CARRIER: What is that? I mean, it's a--you got a five-inch-long scar running vertically above your belly button up toward your sternum. What happened?

Unidentified Man: (Spanish spoken)

Mr. CARDONA: They were walking, and a car was passing by and he was shot.

Unidentified Man: (Spanish spoken)

Mr. CARDONA: The bullet is still in his body.

CARRIER: Oh, it's still in there.


CARRIER: But is it common for young men who grow up here to be shot?

Unidentified Men: Si. Si.

CARRIER: Why are other people shooting you? What was their motive?

Mr. ROBERT RAMIREZ(ph): To defend the barrio.

CARRIER: To defend the barrio.

Mr. RAMIREZ: Mm-hmm.

CARRIER: But why? What's to defend?

Mr. RAMIREZ: This is Mexican style, from Los Angeles, from United States, maybe.

CARRIER: This guy has just joined the group. He's older, missing some teeth.

What's your name?

Mr. RAMIREZ: Robert. Robert Ramirez.

CARRIER: And you live here in this barrio?

Mr. RAMIREZ: Mm-hmm.

CARRIER: Is the violence--is the fighting over drugs? Is that what it's about or...

Mr. RAMIREZ: Over drugs? No. Is about the barrio.


Mr. RAMIREZ: For the honor, you know.


Mr. RAMIREZ: Mm-hmm. You got honor, this is your place, so you defend your area. If you got guns, it's better.

CARRIER: What kind of guns do you have?

Mr. RAMIREZ: Hmm. A lot of guns. Rifles and pistols what we got.

Mr. CARDONA: (Spanish spoken)

CARRIER: Julian asks them if they know the people they're shooting.

RICARDO: (Spanish spoken)

CARRIER: And Ricardo says, `Sometimes yes, sometimes no. Several are already dead. Whether we know him or not, if the guy's hanging out in our barrio, then we get him. If we know him, even better.'

RICARDO: (Spanish spoken)

CARRIER: Ricardo is 28 years old, but looks 20, doubly surprising because he says he was a heroin junkie for 13 years, a habit that cost him $60 to $80 a day, more than a week's pay in Juarez for honest labor. He says, `I'd rob businesses, hijack cars, go inside stores and rob the people or assault people who came by. I did everything. I was combining heroin and cocaine and shooting them. You need every day more and more. Your bones get all fragile and you feel like an old man. A lot of people here die by combining heroin and pills. They turn purple and die. I just wanted to get out of it. No more stealing; no more screwing around.'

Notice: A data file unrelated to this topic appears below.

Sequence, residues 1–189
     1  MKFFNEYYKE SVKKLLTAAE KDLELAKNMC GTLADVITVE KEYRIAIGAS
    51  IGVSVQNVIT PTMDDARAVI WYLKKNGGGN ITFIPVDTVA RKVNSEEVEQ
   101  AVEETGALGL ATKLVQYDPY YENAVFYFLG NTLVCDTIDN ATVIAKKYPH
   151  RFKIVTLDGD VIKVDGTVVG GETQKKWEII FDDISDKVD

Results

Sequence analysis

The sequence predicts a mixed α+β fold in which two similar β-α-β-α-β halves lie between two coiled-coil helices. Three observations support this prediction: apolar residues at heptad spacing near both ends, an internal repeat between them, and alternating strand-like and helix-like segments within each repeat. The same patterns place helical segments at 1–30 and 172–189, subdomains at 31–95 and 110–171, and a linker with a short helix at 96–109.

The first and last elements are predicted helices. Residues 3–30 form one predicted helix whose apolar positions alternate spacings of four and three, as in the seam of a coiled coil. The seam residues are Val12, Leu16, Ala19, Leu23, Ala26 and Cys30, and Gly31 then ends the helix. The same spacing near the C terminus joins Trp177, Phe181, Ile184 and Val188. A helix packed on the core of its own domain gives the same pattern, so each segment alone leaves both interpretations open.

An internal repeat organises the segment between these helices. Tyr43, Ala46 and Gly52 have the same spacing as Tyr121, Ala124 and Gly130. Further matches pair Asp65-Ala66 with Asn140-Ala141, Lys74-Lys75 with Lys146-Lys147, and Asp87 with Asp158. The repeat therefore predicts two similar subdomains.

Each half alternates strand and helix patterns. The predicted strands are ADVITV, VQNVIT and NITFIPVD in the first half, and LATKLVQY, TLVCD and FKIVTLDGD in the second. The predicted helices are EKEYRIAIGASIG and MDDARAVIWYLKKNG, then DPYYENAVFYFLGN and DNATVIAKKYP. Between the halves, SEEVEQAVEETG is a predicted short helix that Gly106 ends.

RICARDO: (Spanish spoken)

CARRIER: We tell the guys thanks, and they say, `No problem.' We get back in the and drive down the hill to Julian's aunt's house.

Mr. CARDONA: So we have been in Barrio Alto Chavez(ph), we have been in Tacos Trenta, we have been in Leones(ph), we have been in K-13, we have been in La Brisa(ph), and five gangs in less than 10 blocks.

CARRIER: Yeah, less than a square mile.

This is how it is in the Barrio Alto, and the Barrio Alto is a good neighborhood in Juarez. Julian could leave if he wanted to. He's got other relatives and a bank account in El Paso. He could live over there, two miles away, in suburban safety. He stays in Juarez because this is his home, these are his people, and to leave would be a desertion.

We park outside Julian's aunt's house and he goes in to send an e-mail to Chapel Hill. I sit in the car and lock the doors. This is Scott Carrier.

CHADWICK: Scott's reports come to us through the independent radio producers' organization, And you can see the work of photographer Julian Cardona at our Web site, npr.or. We have the first part of the series up there, as well, and you'll be able to find the whole series as weeks go by.

Next week, Scott goes into one of the factories where tens of thousands of people work in Ciudad Juarez. They're called maquiladoras, and this is how the people who work in them live.

CARRIER: Much of Juarez is comprised of neighborhoods that look like scenes from a "Mad Max" movie: squatter settlements built on sand dunes, where entire families live in 10-by-15-foot shacks made from wooden pallets covered with cardboard and tar paper, metal bars over the windows and doors. Gangs rob and steal and kill. Young girls disappear. Sometimes whole neighborhoods go up in flames.

CHADWICK: Scott Carrier from the Ciudad Juarez series on DAY TO DAY.

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CHADWICK: I'm Alex Chadwick. This is DAY TO DAY from NPR News.